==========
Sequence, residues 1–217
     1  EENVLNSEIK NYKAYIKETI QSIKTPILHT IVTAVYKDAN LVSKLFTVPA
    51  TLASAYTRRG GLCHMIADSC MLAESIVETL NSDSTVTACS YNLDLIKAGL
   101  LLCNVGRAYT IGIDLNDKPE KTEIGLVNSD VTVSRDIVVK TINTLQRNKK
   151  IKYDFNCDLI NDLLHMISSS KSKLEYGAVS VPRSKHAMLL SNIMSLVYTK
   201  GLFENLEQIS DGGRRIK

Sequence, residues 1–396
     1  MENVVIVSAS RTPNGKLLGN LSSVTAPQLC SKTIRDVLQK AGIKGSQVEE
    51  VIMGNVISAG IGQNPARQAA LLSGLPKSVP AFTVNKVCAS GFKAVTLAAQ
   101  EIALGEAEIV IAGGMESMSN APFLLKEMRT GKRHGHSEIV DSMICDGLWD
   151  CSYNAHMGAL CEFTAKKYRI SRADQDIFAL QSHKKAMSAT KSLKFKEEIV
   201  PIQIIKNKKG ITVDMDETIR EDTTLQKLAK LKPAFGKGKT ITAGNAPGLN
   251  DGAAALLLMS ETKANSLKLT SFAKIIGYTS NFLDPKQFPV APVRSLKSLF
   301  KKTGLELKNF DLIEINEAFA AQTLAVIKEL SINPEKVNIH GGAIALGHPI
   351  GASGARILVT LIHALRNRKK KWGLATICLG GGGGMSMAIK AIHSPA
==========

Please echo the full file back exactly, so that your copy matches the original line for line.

Sequence, residues 1–217
     1  EENVLNSEIK NYKAYIKETI QSIKTPILHT IVTAVYKDAN LVSKLFTVPA
    51  TLASAYTRRG GLCHMIADSC MLAESIVETL NSDSTVTACS YNLDLIKAGL
   101  LLCNVGRAYT IGIDLNDKPE KTEIGLVNSD VTVSRDIVVK TINTLQRNKK
   151  IKYDFNCDLI NDLLHMISSS KSKLEYGAVS VPRSKHAMLL SNIMSLVYTK
   201  GLFENLEQIS DGGRRIK

Sequence, residues 1–396
     1  MENVVIVSAS RTPNGKLLGN LSSVTAPQLC SKTIRDVLQK AGIKGSQVEE
    51  VIMGNVISAG IGQNPARQAA LLSGLPKSVP AFTVNKVCAS GFKAVTLAAQ
   101  EIALGEAEIV IAGGMESMSN APFLLKEMRT GKRHGHSEIV DSMICDGLWD
   151  CSYNAHMGAL CEFTAKKYRI SRADQDIFAL QSHKKAMSAT KSLKFKEEIV
   201  PIQIIKNKKG ITVDMDETIR EDTTLQKLAK LKPAFGKGKT ITAGNAPGLN
   251  DGAAALLLMS ETKANSLKLT SFAKIIGYTS NFLDPKQFPV APVRSLKSLF
   301  KKTGLELKNF DLIEINEAFA AQTLAVIKEL SINPEKVNIH GGAIALGHPI
   351  GASGARILVT LIHALRNRKK KWGLATICLG GGGGMSMAIK AIHSPA